Similar biotherapeutic products

Control of chronic diseases is a major challenge for public health systems in both developed and developing countries. Biotherapeutic products have been successful in treating many life-threatening chronic diseases. However, the cost of innovative biotherapeutics has often been prohibitive, thereby limiting their use, particularly in developing countries.

The expiration of the patents and/or data protection for the first major group of originator's biotherapeutic products such as insulin, human growth hormone and erythropoietin has ushered in an era of products that are designed to be 'similar' to a licensed originator products. This is expected to contribute to increased access to these products at an affordable price.

The clinical experience and established safety profile of the original products should contribute to the development of similar biotherapeutic products (SBPs). The amount and extent of data required for the licensing of SBPs are likely to be less than are normally required for the originator products. However, a generic approach as applied to small – molecule pharmaceuticals is not appropriate for biological substances due to their complexity and the fact that clinical performance depends critically on the production process. Therefore, at the level of quality, data on the comparability of a new product with an established innovator, showing that they are “highly similar “, can be considered as additional data, over and above what is normally required for the originator product developed as a new and independent product; this is the basis for reducing the requirements for nonclinical and clinical data.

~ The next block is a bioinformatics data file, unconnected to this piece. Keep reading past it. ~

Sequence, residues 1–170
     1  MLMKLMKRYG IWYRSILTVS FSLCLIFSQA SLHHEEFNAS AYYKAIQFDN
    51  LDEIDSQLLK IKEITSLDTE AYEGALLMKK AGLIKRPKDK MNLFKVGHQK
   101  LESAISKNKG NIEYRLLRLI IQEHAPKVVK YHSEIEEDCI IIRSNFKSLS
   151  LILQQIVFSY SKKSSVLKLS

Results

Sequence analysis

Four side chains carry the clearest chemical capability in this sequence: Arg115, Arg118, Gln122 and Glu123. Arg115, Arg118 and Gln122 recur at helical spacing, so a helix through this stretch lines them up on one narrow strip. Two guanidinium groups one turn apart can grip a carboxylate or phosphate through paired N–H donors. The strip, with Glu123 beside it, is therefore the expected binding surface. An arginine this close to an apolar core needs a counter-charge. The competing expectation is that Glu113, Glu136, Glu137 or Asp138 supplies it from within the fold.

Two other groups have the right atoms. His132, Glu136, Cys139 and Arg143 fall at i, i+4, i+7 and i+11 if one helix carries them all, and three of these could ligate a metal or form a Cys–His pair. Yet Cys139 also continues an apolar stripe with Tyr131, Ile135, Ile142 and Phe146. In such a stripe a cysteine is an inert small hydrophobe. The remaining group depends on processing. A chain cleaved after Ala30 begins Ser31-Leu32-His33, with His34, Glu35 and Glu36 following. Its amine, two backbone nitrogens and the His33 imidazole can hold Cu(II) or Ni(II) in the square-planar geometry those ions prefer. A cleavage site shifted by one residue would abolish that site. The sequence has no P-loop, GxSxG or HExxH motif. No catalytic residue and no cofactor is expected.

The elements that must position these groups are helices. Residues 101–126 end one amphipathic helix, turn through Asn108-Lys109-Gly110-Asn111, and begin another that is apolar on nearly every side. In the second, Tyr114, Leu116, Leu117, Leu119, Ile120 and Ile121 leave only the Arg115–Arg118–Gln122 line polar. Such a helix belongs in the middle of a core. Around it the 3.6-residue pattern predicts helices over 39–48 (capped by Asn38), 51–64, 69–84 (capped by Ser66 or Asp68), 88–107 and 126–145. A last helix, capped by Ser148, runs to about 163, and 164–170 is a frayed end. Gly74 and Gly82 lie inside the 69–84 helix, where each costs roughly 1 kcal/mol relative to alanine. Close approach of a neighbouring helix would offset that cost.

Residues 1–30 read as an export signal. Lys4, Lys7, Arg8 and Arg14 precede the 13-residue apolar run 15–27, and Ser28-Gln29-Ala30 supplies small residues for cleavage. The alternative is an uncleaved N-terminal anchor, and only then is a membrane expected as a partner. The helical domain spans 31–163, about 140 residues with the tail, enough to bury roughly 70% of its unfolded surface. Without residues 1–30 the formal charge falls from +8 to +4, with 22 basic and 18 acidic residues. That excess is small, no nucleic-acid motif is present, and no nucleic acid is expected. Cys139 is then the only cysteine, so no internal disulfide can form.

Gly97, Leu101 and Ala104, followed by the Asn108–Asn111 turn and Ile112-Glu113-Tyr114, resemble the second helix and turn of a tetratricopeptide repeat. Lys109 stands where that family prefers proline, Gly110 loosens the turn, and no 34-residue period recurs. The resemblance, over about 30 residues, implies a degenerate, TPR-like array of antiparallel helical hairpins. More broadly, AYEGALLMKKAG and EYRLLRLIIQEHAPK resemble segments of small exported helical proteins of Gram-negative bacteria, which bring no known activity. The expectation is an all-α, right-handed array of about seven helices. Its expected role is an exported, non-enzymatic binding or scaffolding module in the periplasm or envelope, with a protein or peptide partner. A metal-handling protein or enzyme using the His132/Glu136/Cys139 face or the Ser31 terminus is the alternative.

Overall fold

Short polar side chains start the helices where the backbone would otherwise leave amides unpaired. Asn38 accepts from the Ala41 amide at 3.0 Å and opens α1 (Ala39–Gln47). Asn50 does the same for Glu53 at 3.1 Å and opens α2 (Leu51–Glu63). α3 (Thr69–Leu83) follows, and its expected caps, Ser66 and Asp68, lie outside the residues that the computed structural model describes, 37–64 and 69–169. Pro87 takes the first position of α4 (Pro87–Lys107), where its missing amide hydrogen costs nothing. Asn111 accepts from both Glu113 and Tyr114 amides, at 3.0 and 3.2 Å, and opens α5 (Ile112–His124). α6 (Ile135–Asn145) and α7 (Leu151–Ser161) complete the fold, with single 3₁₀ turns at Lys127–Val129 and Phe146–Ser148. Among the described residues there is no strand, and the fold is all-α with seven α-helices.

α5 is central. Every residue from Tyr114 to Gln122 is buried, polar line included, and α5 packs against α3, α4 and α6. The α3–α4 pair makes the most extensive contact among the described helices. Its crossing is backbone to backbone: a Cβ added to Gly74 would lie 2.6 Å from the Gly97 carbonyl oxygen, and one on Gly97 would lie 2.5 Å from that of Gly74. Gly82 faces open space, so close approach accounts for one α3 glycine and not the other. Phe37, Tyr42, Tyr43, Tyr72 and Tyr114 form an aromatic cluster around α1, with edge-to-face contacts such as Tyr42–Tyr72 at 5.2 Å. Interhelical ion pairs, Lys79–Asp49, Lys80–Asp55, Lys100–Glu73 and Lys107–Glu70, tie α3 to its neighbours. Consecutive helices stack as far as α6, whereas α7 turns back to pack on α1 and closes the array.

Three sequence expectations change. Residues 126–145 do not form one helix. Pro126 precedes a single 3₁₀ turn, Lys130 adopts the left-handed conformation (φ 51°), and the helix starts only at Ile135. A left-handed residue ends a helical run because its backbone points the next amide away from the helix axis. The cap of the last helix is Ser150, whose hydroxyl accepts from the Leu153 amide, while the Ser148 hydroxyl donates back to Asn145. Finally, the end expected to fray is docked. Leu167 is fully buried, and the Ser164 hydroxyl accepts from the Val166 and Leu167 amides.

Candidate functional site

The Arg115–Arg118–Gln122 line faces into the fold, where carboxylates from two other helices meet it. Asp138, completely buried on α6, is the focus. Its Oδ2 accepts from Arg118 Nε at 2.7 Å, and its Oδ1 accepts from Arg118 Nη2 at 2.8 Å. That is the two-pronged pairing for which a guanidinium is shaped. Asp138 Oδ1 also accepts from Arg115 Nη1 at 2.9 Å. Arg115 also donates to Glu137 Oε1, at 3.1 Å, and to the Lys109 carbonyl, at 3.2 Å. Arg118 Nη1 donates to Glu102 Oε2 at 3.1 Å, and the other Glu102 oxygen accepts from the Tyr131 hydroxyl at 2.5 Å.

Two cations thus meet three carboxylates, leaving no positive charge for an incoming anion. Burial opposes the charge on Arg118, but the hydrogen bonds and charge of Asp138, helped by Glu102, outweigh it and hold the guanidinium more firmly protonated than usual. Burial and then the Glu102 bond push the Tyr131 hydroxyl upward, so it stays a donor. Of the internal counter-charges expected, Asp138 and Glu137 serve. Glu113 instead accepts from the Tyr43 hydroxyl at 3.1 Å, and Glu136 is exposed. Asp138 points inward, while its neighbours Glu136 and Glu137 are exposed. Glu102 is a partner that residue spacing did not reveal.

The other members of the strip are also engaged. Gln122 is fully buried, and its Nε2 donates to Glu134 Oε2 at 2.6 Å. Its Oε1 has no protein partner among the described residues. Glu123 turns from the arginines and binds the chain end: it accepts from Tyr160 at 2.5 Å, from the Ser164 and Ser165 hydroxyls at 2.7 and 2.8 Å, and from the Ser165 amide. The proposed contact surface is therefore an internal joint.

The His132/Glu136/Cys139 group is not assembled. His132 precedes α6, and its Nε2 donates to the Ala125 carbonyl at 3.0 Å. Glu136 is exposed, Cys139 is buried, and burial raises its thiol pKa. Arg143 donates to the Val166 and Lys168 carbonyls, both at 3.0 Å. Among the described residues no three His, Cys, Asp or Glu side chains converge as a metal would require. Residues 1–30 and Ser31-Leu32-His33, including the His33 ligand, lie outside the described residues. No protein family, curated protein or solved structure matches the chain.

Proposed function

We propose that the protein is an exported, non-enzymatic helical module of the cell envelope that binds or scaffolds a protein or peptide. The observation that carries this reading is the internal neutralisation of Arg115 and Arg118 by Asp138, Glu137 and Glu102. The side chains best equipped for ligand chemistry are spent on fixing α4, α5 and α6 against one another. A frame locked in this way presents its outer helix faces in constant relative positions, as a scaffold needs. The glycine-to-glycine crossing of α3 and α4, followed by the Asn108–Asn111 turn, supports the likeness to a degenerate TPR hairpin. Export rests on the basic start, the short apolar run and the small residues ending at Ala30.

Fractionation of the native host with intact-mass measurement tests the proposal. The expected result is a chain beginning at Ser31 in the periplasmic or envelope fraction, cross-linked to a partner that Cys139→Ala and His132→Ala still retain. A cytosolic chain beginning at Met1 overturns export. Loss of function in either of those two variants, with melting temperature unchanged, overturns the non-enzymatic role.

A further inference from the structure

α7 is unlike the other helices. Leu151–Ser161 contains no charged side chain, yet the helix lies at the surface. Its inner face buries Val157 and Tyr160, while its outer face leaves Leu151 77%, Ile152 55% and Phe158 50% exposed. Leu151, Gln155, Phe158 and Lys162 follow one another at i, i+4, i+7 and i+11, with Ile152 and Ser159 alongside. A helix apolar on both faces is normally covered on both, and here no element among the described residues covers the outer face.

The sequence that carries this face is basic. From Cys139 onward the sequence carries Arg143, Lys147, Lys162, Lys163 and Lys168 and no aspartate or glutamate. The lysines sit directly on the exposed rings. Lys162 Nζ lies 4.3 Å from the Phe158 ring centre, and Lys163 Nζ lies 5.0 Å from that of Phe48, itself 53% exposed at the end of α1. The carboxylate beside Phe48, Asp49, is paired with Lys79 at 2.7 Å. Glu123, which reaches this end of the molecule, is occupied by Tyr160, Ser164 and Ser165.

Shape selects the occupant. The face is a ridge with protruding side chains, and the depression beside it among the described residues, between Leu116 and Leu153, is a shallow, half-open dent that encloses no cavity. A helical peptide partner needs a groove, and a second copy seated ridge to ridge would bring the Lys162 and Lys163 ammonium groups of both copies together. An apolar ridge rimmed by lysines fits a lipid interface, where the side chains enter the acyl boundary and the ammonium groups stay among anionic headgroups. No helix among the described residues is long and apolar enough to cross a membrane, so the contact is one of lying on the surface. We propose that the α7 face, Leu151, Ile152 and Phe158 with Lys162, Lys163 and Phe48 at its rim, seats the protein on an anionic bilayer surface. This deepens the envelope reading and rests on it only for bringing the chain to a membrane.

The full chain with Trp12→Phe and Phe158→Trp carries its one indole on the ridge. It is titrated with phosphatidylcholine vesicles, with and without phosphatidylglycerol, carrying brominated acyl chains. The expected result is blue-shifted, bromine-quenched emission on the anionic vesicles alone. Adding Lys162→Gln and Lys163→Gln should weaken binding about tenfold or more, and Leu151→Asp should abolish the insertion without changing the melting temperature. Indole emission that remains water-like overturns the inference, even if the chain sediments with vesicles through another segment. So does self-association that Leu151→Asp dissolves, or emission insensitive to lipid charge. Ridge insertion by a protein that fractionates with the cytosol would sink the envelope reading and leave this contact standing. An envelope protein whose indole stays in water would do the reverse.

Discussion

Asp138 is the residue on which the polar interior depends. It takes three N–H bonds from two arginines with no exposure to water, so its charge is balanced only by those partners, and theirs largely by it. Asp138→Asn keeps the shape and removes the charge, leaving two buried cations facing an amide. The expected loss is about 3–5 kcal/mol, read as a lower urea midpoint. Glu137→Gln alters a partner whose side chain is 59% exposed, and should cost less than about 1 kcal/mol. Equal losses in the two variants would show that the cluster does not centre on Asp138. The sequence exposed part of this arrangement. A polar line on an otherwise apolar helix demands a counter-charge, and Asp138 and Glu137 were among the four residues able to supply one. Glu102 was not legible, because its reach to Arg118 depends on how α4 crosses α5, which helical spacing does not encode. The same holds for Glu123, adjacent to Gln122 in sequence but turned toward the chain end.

In addition, it is important to note that a biotherapeutic product that is not shown to be similar to the original product, i.e. its reference biotherapeutic product as indicated in WHO guidelines, should neither be described as "similar" nor called SBP.

Similar Biotherapeutic Product Standardization

Written Standards

Reference materials

WHO international standards/reference materials have distinct and important roles to play in the development and characterization of similar biotherapeutic products. The intended purpose of these materials is described in the following article:
R. Thorpe, M. Wadhwa/biologicals 39 (2011) 262-265.


WHO Guidelines on adopted by the ECBS 2009 have been instrumental in raising awareness of the complex scientific issues related to the licensing of similar biological products. Implementation of the guidelines has become an increasingly important tool in achieving regulatory convergence.

The first workshop on Implementing "WHO Guidelines on Evaluating Similar Biotherapeutic Products (adopted in 2009)" into the regulatory and manufacturers practice at the global level was held on 24–26 August 2010 in Seoul, Republic of Korea. The workshop featured speakers from regulatory agencies from various countries, clinical and scientific experts, representatives from the biopharmaceutical industry and WHO. As the outcomes of the workshop, 26 peer reviewed manuscripts have been published as a special issue in Biologicals in September 2011. The online published articles in this issue are freely accessible to the public at the link below:

Meeting Reports


Last update:

13 January 2014 15:58 CET